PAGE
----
I responded to another blogger recently who had a column about not worrying if things are perfect. I totally get it, and concur. My motto is “good enough”.
Life if too short to worry about keeping my home spotless (it will NEVER happen), or my hair always styled, or doing my best to perfection at anything.
Growing up, my mom always said if I just did my best in school, than that was good enough. I didn’t always get an A, but I usually did the best that I was able. On the farm, I learned to work hard. So I have a good work ethic. Maybe not perfect, because even now, or especially now, some days I just throw in the towel at 2 or 3 pm, and say “Good enough” for today. I just can’t work any more.
My dad always made really straight rows in the farm garden. Two sticks, with twine stretched out in between, and the row was perfect straight, the row hoed beneath that line. I am not that careful. My aim is to get the seeds or plants in the ground. I take my hoe and make a row, with no twine, no guideline. My rows are not as straight as my fathers. “Not perfect, but good enough” I say to myself. I figure the plants don’t care one way or the other.
My husband, clearly is more like my father. Very meticulous, very orderly when doing a job. I understand with equipment repairs and machinery that certain things need to be done certain ways, and carefully. I would not be the perfectionist he is. Nail pops in dry wall drive him crazy. Kudo’s to him when the health inspection officer told him that he rarely saw a septic system dug with perfect corners, as my husband was proud to do. Me, I’d just dig a hole, and say “good enough”. Different philosophy, different talents.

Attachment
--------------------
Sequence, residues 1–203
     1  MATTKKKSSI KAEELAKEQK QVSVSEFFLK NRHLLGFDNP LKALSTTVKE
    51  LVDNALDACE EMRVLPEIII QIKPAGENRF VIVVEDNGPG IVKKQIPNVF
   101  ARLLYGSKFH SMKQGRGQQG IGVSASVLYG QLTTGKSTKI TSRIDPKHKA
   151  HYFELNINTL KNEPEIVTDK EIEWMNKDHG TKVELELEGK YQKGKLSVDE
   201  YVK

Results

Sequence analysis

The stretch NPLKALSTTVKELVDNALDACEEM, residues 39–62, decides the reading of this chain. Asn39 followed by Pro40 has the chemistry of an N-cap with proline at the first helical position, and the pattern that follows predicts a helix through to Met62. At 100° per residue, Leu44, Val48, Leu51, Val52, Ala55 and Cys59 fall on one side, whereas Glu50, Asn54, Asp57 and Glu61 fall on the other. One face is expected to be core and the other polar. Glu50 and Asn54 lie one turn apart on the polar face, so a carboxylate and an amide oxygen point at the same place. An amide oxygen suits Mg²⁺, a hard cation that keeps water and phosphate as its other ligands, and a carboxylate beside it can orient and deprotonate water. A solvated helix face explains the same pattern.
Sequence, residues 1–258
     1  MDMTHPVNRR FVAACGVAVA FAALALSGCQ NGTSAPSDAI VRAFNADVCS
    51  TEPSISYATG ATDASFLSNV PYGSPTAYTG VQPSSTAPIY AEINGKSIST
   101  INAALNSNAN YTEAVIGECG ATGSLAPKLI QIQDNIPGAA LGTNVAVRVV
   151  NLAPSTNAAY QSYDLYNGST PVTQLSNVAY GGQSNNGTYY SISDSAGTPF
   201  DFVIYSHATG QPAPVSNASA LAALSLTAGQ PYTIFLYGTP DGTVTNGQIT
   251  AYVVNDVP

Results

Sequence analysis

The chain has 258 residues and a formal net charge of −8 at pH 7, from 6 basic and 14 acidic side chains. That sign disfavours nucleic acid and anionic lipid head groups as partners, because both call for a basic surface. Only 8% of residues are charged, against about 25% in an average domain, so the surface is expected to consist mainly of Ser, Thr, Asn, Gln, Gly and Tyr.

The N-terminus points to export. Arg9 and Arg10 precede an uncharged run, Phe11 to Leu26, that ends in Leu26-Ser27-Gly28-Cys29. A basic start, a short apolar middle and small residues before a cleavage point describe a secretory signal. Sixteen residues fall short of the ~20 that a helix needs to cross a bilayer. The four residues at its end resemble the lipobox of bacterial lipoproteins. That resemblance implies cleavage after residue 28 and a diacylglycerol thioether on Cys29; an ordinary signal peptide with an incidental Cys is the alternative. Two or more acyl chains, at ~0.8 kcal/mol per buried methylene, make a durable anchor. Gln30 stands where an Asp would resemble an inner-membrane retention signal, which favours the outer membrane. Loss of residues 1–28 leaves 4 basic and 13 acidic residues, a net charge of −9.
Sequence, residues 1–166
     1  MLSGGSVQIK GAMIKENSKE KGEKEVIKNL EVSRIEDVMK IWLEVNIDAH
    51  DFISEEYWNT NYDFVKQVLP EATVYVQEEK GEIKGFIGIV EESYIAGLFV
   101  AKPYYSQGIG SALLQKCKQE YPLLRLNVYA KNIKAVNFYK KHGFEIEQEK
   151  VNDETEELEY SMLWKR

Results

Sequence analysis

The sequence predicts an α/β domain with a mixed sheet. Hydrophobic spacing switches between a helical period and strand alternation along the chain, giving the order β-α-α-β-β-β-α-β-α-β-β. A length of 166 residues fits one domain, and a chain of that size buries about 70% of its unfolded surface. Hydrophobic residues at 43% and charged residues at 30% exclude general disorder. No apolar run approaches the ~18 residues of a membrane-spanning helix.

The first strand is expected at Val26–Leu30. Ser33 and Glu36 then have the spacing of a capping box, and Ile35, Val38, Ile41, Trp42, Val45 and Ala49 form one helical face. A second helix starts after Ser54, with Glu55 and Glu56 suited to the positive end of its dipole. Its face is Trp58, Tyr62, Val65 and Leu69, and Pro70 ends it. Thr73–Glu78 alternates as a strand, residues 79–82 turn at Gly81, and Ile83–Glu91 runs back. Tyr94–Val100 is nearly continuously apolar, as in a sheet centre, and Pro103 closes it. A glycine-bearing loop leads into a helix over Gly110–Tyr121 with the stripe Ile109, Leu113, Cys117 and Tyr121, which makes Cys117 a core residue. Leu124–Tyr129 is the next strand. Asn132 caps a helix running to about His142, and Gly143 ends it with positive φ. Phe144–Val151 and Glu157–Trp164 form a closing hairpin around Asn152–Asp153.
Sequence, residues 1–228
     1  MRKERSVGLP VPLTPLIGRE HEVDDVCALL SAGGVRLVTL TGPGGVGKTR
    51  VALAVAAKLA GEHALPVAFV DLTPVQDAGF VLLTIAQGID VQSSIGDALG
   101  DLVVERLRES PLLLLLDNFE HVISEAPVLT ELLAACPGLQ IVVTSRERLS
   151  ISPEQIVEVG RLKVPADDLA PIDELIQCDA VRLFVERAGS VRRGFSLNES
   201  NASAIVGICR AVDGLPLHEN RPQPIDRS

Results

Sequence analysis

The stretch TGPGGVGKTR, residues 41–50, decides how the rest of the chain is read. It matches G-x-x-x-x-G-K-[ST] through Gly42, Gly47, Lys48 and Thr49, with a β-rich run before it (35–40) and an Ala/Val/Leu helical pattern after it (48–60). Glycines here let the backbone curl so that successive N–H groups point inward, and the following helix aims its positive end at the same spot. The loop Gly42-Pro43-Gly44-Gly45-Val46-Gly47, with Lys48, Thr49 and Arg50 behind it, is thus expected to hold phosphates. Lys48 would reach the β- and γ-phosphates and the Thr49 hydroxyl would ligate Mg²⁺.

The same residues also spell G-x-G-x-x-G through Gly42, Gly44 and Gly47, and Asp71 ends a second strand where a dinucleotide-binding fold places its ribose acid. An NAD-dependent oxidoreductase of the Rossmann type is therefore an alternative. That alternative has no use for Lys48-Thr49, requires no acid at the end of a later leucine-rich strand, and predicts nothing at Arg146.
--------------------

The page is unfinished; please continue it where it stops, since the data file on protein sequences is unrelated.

Most work has some minimum standard to be met. And of course we should do at least the minimum, and often more.
But if you find yourself driven to distraction over something, stand back a minute. Ask yourself if the situation will really be that much better if you can only get “xxx” right. Often the stress of trying to be perfect is worse for you than outcome of perfection would be.
The world today is so fast, everyone expects an immediate response to email or texts…the goal of meeting everyone’s expectations, or trying to do everything perfectly is unrealistic. There is always too much to do, always more work on the list. I have learned, my list never has an end.
So take a deep breath, think about the goal of the process you are involved in, and ask “Is this good enough?”. Maybe not, and you have to work some more. But often, Good Enough can be just Perfect.